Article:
The Salina Journal from Salina, Kansas on January 21, 1986 · Page 3
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The Salina Journal from Salina, Kansas · Page 3

Salina, Kansas
Issue Date:
Tuesday, January 21, 1986
Page 3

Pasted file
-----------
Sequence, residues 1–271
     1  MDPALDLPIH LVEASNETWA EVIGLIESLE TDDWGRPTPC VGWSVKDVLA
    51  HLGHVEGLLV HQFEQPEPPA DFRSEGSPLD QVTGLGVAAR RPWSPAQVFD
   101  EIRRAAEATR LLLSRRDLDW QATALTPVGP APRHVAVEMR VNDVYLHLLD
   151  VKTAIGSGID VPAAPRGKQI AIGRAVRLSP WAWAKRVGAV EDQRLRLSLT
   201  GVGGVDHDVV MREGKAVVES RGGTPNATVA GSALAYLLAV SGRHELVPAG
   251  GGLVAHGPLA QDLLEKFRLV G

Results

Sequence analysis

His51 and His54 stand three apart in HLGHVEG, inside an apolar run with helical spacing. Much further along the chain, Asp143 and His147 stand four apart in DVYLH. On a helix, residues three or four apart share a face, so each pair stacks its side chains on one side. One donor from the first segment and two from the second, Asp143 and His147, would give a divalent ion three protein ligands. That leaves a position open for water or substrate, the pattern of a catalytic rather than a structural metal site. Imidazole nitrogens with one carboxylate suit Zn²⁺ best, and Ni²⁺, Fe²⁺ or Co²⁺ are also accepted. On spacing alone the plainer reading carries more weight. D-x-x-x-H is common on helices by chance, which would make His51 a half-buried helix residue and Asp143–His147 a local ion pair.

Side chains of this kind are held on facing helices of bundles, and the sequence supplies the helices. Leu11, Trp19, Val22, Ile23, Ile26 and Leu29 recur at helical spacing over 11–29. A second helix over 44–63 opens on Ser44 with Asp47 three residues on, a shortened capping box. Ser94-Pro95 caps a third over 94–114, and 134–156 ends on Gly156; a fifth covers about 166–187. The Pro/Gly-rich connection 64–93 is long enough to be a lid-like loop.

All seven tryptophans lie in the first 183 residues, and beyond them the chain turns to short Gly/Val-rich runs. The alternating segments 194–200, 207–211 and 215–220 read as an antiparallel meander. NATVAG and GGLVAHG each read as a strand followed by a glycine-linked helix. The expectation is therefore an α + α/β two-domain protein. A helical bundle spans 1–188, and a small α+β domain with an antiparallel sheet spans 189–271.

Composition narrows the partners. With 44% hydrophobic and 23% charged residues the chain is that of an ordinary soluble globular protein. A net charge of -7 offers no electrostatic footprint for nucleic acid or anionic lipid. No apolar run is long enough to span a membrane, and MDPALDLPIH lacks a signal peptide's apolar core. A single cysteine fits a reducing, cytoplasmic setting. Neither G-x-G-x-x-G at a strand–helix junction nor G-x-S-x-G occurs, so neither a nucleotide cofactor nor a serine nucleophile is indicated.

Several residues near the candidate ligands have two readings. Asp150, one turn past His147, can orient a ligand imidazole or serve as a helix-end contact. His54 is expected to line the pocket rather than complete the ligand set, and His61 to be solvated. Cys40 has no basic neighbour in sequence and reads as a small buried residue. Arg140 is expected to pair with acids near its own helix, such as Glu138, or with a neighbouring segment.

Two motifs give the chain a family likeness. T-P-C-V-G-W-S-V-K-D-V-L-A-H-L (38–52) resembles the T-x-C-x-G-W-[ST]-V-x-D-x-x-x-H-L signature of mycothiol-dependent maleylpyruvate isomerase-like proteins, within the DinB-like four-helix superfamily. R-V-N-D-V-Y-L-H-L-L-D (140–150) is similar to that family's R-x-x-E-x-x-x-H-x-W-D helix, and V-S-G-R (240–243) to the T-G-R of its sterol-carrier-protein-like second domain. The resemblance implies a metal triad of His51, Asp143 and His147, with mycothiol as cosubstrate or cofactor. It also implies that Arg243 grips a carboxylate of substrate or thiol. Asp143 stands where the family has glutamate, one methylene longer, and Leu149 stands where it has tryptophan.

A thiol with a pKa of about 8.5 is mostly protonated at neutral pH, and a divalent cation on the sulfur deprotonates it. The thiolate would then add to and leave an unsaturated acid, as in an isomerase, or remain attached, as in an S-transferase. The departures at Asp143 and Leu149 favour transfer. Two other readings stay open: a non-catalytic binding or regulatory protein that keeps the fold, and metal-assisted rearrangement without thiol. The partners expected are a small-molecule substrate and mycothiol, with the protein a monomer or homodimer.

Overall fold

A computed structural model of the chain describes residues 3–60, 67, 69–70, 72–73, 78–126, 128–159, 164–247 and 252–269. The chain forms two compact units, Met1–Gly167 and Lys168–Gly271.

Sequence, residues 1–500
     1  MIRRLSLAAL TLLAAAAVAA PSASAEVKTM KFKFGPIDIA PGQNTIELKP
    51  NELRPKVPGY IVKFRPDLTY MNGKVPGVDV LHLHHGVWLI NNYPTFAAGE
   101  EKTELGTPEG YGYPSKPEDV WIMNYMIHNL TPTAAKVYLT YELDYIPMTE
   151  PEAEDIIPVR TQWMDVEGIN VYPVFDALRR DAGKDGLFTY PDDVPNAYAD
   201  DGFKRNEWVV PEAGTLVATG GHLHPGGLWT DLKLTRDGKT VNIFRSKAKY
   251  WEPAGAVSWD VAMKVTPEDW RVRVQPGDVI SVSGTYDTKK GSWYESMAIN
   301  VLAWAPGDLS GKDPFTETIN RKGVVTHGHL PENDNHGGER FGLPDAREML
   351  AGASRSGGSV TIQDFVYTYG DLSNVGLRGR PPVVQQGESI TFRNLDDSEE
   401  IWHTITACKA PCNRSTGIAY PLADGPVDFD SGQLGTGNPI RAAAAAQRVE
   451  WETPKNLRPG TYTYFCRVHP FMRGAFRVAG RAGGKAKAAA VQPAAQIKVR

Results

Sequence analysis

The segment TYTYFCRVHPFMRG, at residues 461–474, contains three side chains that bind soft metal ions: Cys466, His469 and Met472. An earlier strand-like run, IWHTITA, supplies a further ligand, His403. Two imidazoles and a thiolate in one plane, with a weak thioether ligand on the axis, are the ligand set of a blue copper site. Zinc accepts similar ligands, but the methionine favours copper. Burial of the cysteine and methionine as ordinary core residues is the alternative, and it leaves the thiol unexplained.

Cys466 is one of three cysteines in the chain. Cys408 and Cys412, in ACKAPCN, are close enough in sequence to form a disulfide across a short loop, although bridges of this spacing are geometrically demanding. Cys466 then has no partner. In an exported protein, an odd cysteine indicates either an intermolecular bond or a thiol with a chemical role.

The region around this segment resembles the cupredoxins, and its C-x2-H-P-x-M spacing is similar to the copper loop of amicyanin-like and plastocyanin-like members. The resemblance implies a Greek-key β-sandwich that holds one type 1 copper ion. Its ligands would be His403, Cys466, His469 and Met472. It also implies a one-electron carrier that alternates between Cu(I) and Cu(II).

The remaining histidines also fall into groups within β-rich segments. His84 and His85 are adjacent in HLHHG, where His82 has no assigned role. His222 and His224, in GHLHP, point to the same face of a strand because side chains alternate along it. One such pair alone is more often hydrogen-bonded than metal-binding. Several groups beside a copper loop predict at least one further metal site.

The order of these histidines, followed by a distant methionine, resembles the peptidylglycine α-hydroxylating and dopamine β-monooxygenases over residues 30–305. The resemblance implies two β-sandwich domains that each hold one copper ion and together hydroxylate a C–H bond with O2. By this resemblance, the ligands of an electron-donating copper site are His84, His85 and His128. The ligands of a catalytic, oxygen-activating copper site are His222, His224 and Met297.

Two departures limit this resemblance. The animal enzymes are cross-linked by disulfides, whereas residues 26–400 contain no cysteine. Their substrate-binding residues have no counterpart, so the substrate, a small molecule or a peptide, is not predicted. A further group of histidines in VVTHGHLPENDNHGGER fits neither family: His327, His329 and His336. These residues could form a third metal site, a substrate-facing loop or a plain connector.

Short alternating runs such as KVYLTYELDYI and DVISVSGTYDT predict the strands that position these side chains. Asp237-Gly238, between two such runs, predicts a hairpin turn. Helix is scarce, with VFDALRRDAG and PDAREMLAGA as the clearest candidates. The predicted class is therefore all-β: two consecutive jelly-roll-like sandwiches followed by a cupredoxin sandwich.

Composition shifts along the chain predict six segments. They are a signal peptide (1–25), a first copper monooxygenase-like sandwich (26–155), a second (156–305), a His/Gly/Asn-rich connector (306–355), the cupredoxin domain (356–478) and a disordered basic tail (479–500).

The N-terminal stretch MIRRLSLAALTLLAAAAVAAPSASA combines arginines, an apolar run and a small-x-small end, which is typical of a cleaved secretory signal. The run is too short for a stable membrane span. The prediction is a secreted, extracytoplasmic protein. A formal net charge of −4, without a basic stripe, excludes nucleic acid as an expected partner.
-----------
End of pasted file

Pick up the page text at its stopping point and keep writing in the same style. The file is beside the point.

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Local/Kansas The Salina Journal Tuesday, January 21,1986 Page 3 Reappraisal takes off; no one knows the full cost ByFREDJOHNSON Harris News Service A statewide reappraisal of real estate finally has taken to wing but no one is ready to say how much the journey will cost. Aerial photographers are flying over and across the state, taking the photographs that will become the basis for maps of every piece of property in all 105 counties. As the work is finished, negatives will be sent from the Property Valuation Division of the state Revenue Department to the counties, which will begin mapping and appraising. The 1985 Legislature ordered a statewide, computer-assisted reappraisal and gave the counties until Jan. 1, 1989, to finish the task. The Legislature also committed the state to picking up some of the cost although it stopped short of guar- anteeing any specific portion of the tab. Just how large a bill the counties will run up before the job is completed is uncertain. But county officials, facing the loss of federal revenue sharing funds after the third quarter of this year, want the state's contribution to be substantial. Bev Bradley, legislative coordinator for the Kansas Association of Counties and a member of the Property Valuation Division's reappraisal advisory committee, says the counties' association has recommended the state pay 75 percent of the cost. Gov. John Carlin's proposed budget for the fiscal year beginning July 1, however, calls for a 50-50 split is fair. Carlin slipped $8 million into the fiscal '87 budget for reappraisal and said he thought like amounts should Farm organizations oppose Carlin plan TOPEKA (AP) - Farm group opposition to Gov. John Carlin's executive order reorganizing the state Board of Agriculture is growing. The Committee of Kansas Farm Organizations, a coalition of 19 Kansas farm groups, issued a statement saying it unanimously opposes the executive order, which takes effect within 60 days of last week's opening of the Legislature unless one house or the other rejects it by adopting a resolution. House Speaker Mike Hayden has said there is substantial opposition in his body, but some observers say the opposition is not as strong to the proposed change as in past years. Governors of both political parties have suggested the same change for nearly seven decades, the last being Republican Gov. Robert F. Bennett a decade ago. Carlin, a Democrat, proposes to strip the Board of Agriculture of the power it has had for more than a century and make it only advisory to the state agriculture secretary. The board now is elected by farm organizations who send delegates to an annual state agriculture meeting in Topeka. Carlin also proposes to have future governors appoint the state agriculture secretary and make it a cabinet-level position, rather than have the secretary elected by the Board of Agriculture. "We have grave concerns with making the post of secretary of the state Board of Agriculture a gubernatorial appointment, as well as making the state board a policymaking group for the proposed cabinet level agency," said Nancy Kantola, president of the coalition of farm groups. "Under the current Board of Agriculture, farm groups have much- needed representation and input into the board's actions and responsibilities. This system has worked well for Kansas agriculture. It simply doesn't make sense to change what is now working. "We agree with the governor's goal to enhance the role of agriculture at the state level, but don't agree that this is the approach to achieve it." Carlin argued in his legislative message delivered last week that only if future governors of Kansas have direct responsibility for agricultural policy and programs will they be concerned enough to pay proper attention to farm issues. Since he is now in his final year as governor, Carlin noted, it would be up to his successor to appoint the first agriculture secretary under the new system. Brier defends paper ballot use in Kansas : By GORDON D. FIEDLER Jr. Staff Writer Secretary of State Jack Brier admits Kansas has one of the most stringent policies on electronic voting machines in the nation, and he said he's content to keep it that way. Brier was in J-" Salina Monday to talk to a meeting jt of the Saline if County R e- ' *"3» publican Women's Club, and said that _ until he approved • optical scanning H equipment for use Brier in Kansas three years ago, there hadn't been a piece of election machine equipment approved since 1957. Brier took office in 1978 and has been following standards established in the mid-1950s for electronic voting methods. During his tenure, Brier denied access to punch card voting machines, leaving counties without lever voting machines with the standard paper ballots. Brier said paper ballots are slow to count, but for the voter, they're simple. "Our goal is not to accommodate someone who doesn't want to work past 10 p.m. or the media that want the results in a hurry. Our goal is to make sure the count is accurate," he said. Hitchhiker jailed after stabbing ABILENE — A 20-year-old hitchhiker was in Dickinson County Jail Monday night in connection with the stabbing of a man near Chapman Sunday night, according to Under- sherif f Jim Coddington. Charles Brough, Hyattsville, Maryland, was stabbed in the chest with a knife, and was in stable condition in Asbury Hospital's intensive care unit, Coddington said. The hitchhiker is from Helena, Mont., but his name was being withheld until the sheriff's department further investigates the stabbing, Coddington said. "A lot of counties are going to be levying several mills to pay for it." —Max Hayen be committed in fiscal years 1988 and 1989. A $24 million state contribution over three years would represent almost half of the $50 million the revenue department has estimated the project will cost, although officials are not ready to bet their estimate is correct, or even close. Property valuation director Vic Miller says the $50 million is a rough estimate, put forth shortly after the '85 Legislature approved reappraisal. He says he should have a better handle on the cost after receiving reappraisal outlines and cost estimates from each county and a draft of the computer hardware and Brough picked up a hitchhiker on Interstate 70 near Denver. When they approached Salina, Brough let the hitchhiker drive so Brough could sleep, Coddington said. About 8 p.m. Sunday, Brough woke up when the hitchhiker stopped the car near I-70's Chapman exit and allegedly began stabbing him with a knife, Coddington said. The man was stabbed about four tunes in his chest, Coddington said. Authorities are searching for the knife, and must further investigate the stabbing before charges can be filed, he said. software requirements for the project. Almost three-fourths of the counties have submitted their plans for review, and a consulting firm is scheduled to complete its analysis of computer requirements next month, Miller said. Once the Legislature has a good estimate of the cost it can determine what portion the state will pay and how much it should allocate each year, he said. The Legislature could increase the state contributions in '88 and '89 if the $8 million for fiscal '87 proves insufficient, he said. The state already has made its first contribution. Miller's division is paying $375,000 for the aerial photography and negatives that will be provided to the counties. The photographers' deadline for that phase of the job is May 15. Regardless of how much of the financial burden the state assumes, a lot of counties are going to be scrambling to cover their end of the costs, according to Marion County Appraiser Max Hayen, former president of the North Central Kansas County Appraisers Association and a member of the reappraisal advisory committee. A few counties anticipated reappraisal and set some money aside to help fund it, but they are the exception rather than the rule, he said. "A lot of counties are going to be levying several mills to pay for it," Hayen said. Hayen thinks the project is progressing well now although Miller and his division were criticized last summer. "I don't think the PVD expected the Legislature to pass a reappraisal bill," he says. "They kind of got off to a slow start but things are moving well now and I'm satisfied that what they've done has been good." Hayen also gives Miller high marks for hiring experienced people from other states to supervise various phases of the reappraisal and help counties with their end of the load. "He has been criticized for taking too much authority but, in truth, someone has to lead the parade and I think he's doing a good job." So far, only four of the 105 counties in Kansas use voting machines. They are Wyandotte, Shawnee, Johnson and Sedgwick. All others, including Saline, use paper. Brier said he denied punch card voting not because of inaccuracies, but because of the method of voting. Voters punch out numbers that correspond to names in a book kept in the voting booth. "We felt voting for a number instead of names was a significant disadvantage," he said. Although he approved optical scanning equipment for use in the state, he said the devices were not without disadvantages. The cost is one. The machines average $45,000 to $50,000. "How much is it worth to find out the results quicker?" he askeO. Saline County had examined one machine and even set aside about $50,000 in federal revenue sharing money for the device, but later decided to wait until more companies are allowed to offer the product in the state. "There is still only one company approved in the state," County Clerk Shirley Jacques said. "There are others that have applied, but all in all, it just didn't seem to be the time to pursue it. It's a major change in the voting procedure, and I would feel better if we (were) waiting to have others to at least look at," Jacques said. A client sorts dishes In the kitchen of Kenwood View as part of the OCCK program. Craig ChandUr OCCK ponders program expansions By JIM BOLE Staff Writer A new type of work program developed this year by the Occupational Center of Central Kansas may be expanding, and two other existing work programs are continuing to grow, an OCCK official said Monday. Phyllis Anderson, administrative services coordinator, said OCCK was beginning to talk with more local businesses about the Integrated Employment Training Program, which began in September. Two other job programs, Sparkle Car Wash and Quality Custodial Services, recently have expanded their operations, Anderson said. The integrated training program is different from the center's other vocational programs because people work for the employer, not OCCK, Anderson said. This allows employees to learn how to fit into a work environment and gain more independence. It also reduces the cost and OCCK staff members needed for a vocational program, she said. Currently one Salina business is involved in the program. Two people work four-hour shifts in the kitchen at Kenwood View Nursing Home, 900 Elmhurst. One of the kitchen helpers, a 51-year-old woman, said she did similar work at OCCK, and was enjoying her first job outside the center. She began working at the nursing home in September and hopes to get a job doing laundry when she completes the program in a few months, she said. Physically and mentally disabled people, selected for the program by OCCK, are hired by a local employer. They are paid by the employer, and receive a minimum amount of supervision and training from OCCK. Three people from VISTA, Volunteers In Service To America, provide on-the-job supervision for OCCK, and will assist workers with their jobs if necessary, said Deb Wall, a VISTA site coordinator. Employees in the program work for up to six months. They not only learn vocational skills, but also develop work habits such as communicating with employers and other fellow employees, Wall said. "These kind of programs turn tax users into taxpayers,'' Wall said. Bob Hodge, Kenwood View administrator, said he has been pleased with the employees' hard work and enjoyed the chance to provide work and learning opportunities for the disabled. Quality Custodial Systems and Sparkle Car Wash, 439 S. Broadway, are businesses operated by OCCK that provide jobs for more than 25 of its clients, Anderson said. Quality Custodial Systems, which provides custodial services for many local businesses, doubled its business in 1985, Anderson said. Three to six more people will be hired this year because of the increase in business, Anderson said. The company was started in 1982 and employs about 18 people. The car wash employs eight people and is almost two years old. This month, it added Sundays to its schedule, making it a seven-day-a-week operation. Employees are getting more hours of work, and additional workers may be hired, Anderson said. Teacher helps Asians in move to America By JILL CASEY Staff Writer Southeast Asian refugees are survivors in every sense of the word, a speaker said Monday night at Salina Central High School. The refugees have survived persecution, the flight from persecution and have survived on the minimal food and medicine in refugee camps. After they arrive in their new countries in the West, they must survive with little knowledge of the language and customs, said Erica Hagen, the speaker. Hagen spent 18 months in Thai refugee camps in 1980 and 1981, where she taught English and culture in an attempt to prepare Southeast Asians for life in America. Her task was monumental, she said, as the East-West split spans all areas of life. Since her time at the refugee camps, Hagen has been traveling across the United States to give presentations. She hopes to educate Americans so the Southeast Asian transition to American culture can be smoothed. Her visit to Salina schools and her presentation Monday night were sponsored by the Indochinese Reset- tlement Center, 2075 S. Ohio, and the Salina School District. Hagen peppered her presentation with background on the war-torn region and provided the 40-odd listeners with maps and slides. She said Southeast Asian refugees usually go to Thailand. The United States has promised to help refugees in Thai camps because most are fleeing the oppression that resulted from regimes like those of Cambodia's Pol Pot, which the United States has opposed. Some, such as Laotian refugees, were promised sanctuary because they fought the United States' "secret war" against communist sympathizers in their country. When Southeast Asians arrive in America, they find everything to be different, Hagen said, from the body language to the way they now purchase food. '"There's a story that a family was very disappointed when they opened a can of Crisco and found that the chicken pictured on the outside of the can wasn't in it," Hagen said. "There, people mostly shop in open markets, where they can see the food instead of cans, bottles and boxes. 1 ' Four House Democrats want insurance attention TOPEKA (AP) - Four House Democrats made public Monday a letter they sent legislative leaders asking that attention be paid to difficulties in obtaining liability insurance coverage. "Among the hardest hit are states, municipalities, environmental concerns, day care centers, product manufacturers, truckers, nurse midwives, officers and directors and other businesses, both large and small," the letter said. "If these difficulties are not addressed, many service providers may be forced out of business. Municipalities, if unable to procure adequate liability coverage at reasonable prices, may cease to provide services traditionally rendered by the public sector." The letter was signed by Reps. Rick Bowden, Goddard; Diane Gjerstad, Wichita; Larry Turh- quist, Salina, and Donna Whiteman, Hutchinson. It was addressed to Sen. Neil Arasmith, R-Phillipsburg, chairman of the Senate Financial Institutions and Insurance Committee, and Rep. Rex Hoy, R- Mission, chairman of the House Insurance Committee. Senate President Robert V. Talkington, House Speaker Mike Hayden, Senate Minority Leader Michael Johnston and House Minority Leader Marvin Barkis also were to receive copies of the letter. The letter seeks a joint meeting of the Senate and House committees which handle insurance legislation "for the purpose of educating comittee members on the availability and affordability status of liability insurance in Kansas, as well as to what extent and in what ways the insurance commissioner is monitoring the issue." The legislators said they want to know if Insurance Commissioner Fletcher Bell would be proposing legislation to deal with the problem. "If the liability insurance issue is left unresolved, the effects will be felt by individuals, private and public entities, profit and nonprofit organizations and businesses," the letter said.